North Carolina Newspapers

    ?hf Ifrnitklttt
Che jMitrdttinii
Published every Thursday by The Franklin Press
At Franklin, North Carolina
Telephone No. 24
VOL. LXJ Number seven
' f WEIMAR JONES, Publisher
Entered at the Post Office, Franklin, N. C? as second class matter
Obituary notices, cards of thanks, tributes of respect, by In
dividuals, lodges, churches, organizations or societies, will be re
tarded as advertising and inserted at regular classified advertis
ing rates Such notices will be marked "adv." In compliance
with the postal regulations.
One Year -*>00
Six Months ..._ - -... *1 00
Three Months ? 80
single Copy _... 05
Roads Here Unpoliced
\17Ul-.X a bodily member isn't used, it tends to
And something similar occurs with local govern- j
mental units when power and responsibility are
A number of years ago the state took over all
the highways, and has been responsible for their
maintenance and construction ever since. As a re
sult. the counties and townships have dismantled .
their road organizations. That fact makes im
practical a recent proposal that a part of the gaso
line tax fund be turned over to the individual coun
ties for expenditure for road work.
An even more striking example has to do with
the police power.
In more recent years, the state set up its highway
patrol and took over the policing of the highways.
And today the counties no longer are organized to
police the roacls.
Those in Macon County need policing, but the
l>est information obtainable indicates they are get
ting little attention. Highway patrolmen are sta
tioned in neighboring counties, but there is none
in this county, and it is only rarely that a patrol
man is seen on Macon County highways.
The amount of traffic on highways in this county
would seem to indicate the need for a patrolman's
being stationed here, instantlv available to meet a
need. Whether the patrolman is stationed here or
somewhere else, however, is a detail for the state
authorities to determine. What this newspaper
urges is some arrangement for the patroling of
Micon county highways. ? '
Having taken over the authority, it's up to the
state to assume the responsibility.
Will History Repeat?
A quarter century ago the South and West, in
spired by the spirit of the crusader, and invoking
majority rule, forced national prohibition on a wet
The result is history. The East revolted. Boot
legging became a national scandal. And in the end,
prohibition, as a national policy, was killed.
The ouestion of whether the East was right or
wrong on the issue had nothing whatever to do
with the result.
Todav other sections of the country, inspired by
a hoi y zeal, and marching under the banner of ma
jority rule, are attempting to force their ideas on
questions of race upon the South. And again the
question of who is right and who is wrong ? the
question of whether the South's "way of life",
adopted to meet its peculiar race situation, is de
sirable or undesirable ? will not determine the result.
Will history repeat itself?
It probably will, unless other sections of the
country develop some of the tolerance toward the.
South that thev demand of Southerners.
The South Move? Forward
Because we in the South still are inclined to have
a feeling of inferiority ? a hold-over from the days
when economically we were almost paupers, educa
tionally at the bottom of the ladder, spiritually de
pressed ? it is good, occasionally, to take a look at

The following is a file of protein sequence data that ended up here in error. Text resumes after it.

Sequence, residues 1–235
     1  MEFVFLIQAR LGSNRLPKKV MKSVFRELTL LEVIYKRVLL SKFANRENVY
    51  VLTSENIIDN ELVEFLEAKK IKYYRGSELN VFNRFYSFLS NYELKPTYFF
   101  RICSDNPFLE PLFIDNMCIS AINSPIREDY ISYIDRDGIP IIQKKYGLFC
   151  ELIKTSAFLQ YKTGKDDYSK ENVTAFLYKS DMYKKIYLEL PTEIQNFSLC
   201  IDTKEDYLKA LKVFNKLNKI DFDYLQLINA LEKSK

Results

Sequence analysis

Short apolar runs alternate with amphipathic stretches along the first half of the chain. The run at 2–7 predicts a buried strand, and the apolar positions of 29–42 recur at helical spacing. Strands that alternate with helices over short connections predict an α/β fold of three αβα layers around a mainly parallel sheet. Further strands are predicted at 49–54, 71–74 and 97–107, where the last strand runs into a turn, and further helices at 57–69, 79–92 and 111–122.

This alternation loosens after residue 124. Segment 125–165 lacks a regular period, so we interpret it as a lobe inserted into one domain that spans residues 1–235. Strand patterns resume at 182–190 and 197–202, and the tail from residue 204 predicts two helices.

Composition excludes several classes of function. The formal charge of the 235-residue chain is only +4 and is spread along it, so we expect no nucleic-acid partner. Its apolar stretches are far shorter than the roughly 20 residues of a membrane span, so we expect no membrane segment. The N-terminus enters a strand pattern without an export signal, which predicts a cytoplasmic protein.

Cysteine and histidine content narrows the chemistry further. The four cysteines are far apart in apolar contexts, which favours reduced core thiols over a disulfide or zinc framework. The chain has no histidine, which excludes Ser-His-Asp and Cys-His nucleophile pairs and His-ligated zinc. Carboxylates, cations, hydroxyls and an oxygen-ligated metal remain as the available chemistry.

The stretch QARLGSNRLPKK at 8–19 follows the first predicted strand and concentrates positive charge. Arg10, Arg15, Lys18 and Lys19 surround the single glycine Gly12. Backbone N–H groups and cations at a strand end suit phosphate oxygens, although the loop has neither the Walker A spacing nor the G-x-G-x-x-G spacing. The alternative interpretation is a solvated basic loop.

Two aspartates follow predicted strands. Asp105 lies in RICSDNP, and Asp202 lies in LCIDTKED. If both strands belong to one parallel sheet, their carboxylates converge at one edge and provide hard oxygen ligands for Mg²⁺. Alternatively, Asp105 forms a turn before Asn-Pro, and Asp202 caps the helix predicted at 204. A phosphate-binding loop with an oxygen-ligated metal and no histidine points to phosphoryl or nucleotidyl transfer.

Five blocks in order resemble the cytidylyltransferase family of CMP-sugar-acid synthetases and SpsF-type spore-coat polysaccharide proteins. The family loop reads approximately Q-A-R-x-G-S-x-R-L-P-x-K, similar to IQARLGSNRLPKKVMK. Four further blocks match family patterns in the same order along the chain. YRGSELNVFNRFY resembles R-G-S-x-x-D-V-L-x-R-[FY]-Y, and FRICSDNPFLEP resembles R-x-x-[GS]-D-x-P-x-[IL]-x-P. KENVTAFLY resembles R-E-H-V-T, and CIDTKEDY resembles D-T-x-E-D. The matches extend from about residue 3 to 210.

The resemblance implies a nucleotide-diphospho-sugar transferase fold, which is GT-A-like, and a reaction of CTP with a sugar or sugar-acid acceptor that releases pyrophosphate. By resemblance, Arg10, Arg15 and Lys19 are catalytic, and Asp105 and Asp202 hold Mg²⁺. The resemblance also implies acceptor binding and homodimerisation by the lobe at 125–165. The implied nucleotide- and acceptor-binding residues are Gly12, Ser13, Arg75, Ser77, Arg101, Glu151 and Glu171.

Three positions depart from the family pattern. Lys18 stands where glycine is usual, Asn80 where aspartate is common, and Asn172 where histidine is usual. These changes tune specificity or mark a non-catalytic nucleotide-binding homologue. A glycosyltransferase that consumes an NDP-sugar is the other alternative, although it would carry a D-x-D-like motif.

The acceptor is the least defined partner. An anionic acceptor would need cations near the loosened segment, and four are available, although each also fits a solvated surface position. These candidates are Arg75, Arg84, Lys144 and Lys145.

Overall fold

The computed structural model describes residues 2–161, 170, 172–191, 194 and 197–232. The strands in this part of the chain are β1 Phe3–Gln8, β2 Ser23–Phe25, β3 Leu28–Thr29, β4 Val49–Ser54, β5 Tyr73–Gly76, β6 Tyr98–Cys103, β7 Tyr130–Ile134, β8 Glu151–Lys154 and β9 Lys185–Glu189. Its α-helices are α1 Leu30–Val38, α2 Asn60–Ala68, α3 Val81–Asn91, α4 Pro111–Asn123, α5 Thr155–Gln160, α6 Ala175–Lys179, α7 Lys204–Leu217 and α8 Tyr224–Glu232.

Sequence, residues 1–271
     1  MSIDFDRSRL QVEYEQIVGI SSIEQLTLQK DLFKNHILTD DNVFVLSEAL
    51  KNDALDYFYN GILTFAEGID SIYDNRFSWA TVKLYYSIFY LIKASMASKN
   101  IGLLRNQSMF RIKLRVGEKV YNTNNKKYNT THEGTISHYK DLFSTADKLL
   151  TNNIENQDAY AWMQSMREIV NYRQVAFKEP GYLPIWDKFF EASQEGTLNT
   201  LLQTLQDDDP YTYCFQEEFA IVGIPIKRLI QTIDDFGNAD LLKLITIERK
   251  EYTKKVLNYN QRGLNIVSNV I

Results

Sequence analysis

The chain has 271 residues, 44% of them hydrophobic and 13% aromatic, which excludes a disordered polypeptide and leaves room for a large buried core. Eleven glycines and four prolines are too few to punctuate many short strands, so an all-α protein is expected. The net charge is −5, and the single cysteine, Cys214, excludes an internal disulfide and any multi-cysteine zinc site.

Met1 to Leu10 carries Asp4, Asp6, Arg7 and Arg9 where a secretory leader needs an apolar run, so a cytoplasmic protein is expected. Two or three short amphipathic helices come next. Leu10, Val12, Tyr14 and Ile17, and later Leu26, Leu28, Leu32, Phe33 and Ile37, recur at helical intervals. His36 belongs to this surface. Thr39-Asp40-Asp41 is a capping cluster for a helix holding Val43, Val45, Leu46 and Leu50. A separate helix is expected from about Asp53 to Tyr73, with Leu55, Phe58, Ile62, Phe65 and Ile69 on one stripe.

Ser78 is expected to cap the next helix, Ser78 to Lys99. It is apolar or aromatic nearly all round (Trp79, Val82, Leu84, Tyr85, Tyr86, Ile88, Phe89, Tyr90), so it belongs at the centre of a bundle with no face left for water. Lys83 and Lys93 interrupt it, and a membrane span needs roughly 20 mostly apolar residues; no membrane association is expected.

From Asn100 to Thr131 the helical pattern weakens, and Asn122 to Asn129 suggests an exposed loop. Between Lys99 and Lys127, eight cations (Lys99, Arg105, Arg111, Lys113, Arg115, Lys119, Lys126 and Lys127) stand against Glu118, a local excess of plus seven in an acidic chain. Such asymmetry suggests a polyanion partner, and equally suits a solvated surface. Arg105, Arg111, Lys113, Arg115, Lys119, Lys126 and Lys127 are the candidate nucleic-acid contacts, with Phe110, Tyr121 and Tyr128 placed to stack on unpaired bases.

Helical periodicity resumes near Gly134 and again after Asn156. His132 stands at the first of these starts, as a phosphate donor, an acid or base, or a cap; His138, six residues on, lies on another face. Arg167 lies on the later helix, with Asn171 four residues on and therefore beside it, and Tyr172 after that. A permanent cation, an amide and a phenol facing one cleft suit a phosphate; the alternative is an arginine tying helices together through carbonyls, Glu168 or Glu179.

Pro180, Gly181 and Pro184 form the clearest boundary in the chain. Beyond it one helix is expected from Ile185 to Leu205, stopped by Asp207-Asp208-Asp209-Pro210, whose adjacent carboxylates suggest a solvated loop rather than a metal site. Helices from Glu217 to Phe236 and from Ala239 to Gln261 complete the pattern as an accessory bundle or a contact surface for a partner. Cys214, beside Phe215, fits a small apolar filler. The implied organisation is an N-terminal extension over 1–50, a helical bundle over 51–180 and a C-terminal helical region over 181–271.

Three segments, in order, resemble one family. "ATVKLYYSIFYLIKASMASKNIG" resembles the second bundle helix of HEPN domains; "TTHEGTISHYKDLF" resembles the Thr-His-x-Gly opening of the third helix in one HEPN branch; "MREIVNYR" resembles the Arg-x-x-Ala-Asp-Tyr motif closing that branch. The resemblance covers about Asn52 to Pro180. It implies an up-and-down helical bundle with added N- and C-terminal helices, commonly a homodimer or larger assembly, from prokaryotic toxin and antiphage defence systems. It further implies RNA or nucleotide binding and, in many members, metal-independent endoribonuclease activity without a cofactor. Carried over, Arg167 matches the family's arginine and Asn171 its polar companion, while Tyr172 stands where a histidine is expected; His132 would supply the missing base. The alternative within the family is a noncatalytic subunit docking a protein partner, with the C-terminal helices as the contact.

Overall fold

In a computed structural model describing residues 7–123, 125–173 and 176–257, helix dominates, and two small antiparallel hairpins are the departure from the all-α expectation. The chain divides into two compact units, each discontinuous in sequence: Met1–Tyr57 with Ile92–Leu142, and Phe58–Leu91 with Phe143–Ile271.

our situation today.
There's plenty of room for progress yet. but
there's no longer any need for any inferiority .com
Of course the South's greatest progress has been
along non-material lines, but the material develop
ment is vital, too, and some interesting facts illu
strating how we have moved forward were cited by
/ President Ernest E. Norris of the Southern Raii
wav System in a recent address before the Winston
Saletn Traffic club.
' Quoting Oliver Wendell Holmes to the effect
that "the great thing in this world in not so much
where we are, but in what direction wc are mov
ing." Mr. Norris declared "we arc moving in the
flffht differ?* (he South, and h?ve hem far I
? ? ? letters ??? I
Dear Editor:
Through The Press, I want to think the County Commis
sioners, Mr. Charles Nolen and Mr. Earl Harrison (or the pro
posed repair of the Court House clock.
It will be good to look up at It and to know it Is* keeping
time and not just holding its hands motionless before Its face.
Its sweet tones will make us know It Is on guard as of old
'.hrough the day and the night.
When the hands and numbers are painted, we shall feel it
restored to its old time usefulness.
Cordially yours,
Feb. 5, 1946.
I WONDER . . .
I wonder: ?
When the road is graveled up Walnut Creek to the mall
1. Will a milk route be established?
2. Will poultry raising develop?
3. We can raise most excelent vegetables. Will we do it?
4. Will some one erect a garage? a filling station? store?
9. Will lovely summer cottages deck these hillsides someday?
a. Will some minister who loves the souls of men come and
preach regularly?
Rare flowers, singing birds, game birds and animals, water
falls, brooks, springs, creeks, mountains, cliffs, hills, ridges,
valleys, manifold shade trees, and kind-hearted native people
you will find all these, and more, if you come to Walnut
When the road is completed.
Very truly yours,
Oneiss, N. C. MRS. F. E. MASHBURN
February 2, 1946.
? Others' Opinions ?
*T*HE most shocking thing about war is not the destruction of
* the cities end possessions of men, nor yet the death of the
bodies of men, but rather the shrivelling of the minds and
spirits of men.
A great international journalist, Louis Clair, writes: "We
have become very callous indeed in this day of atomic bombs
and extermination camps. The human mind can only absorb
a certain amount of horror; if it becomes too great we put
wax into our ears to be able to continue living. Maybe that
is why we hear so little today about the horrible tragedies now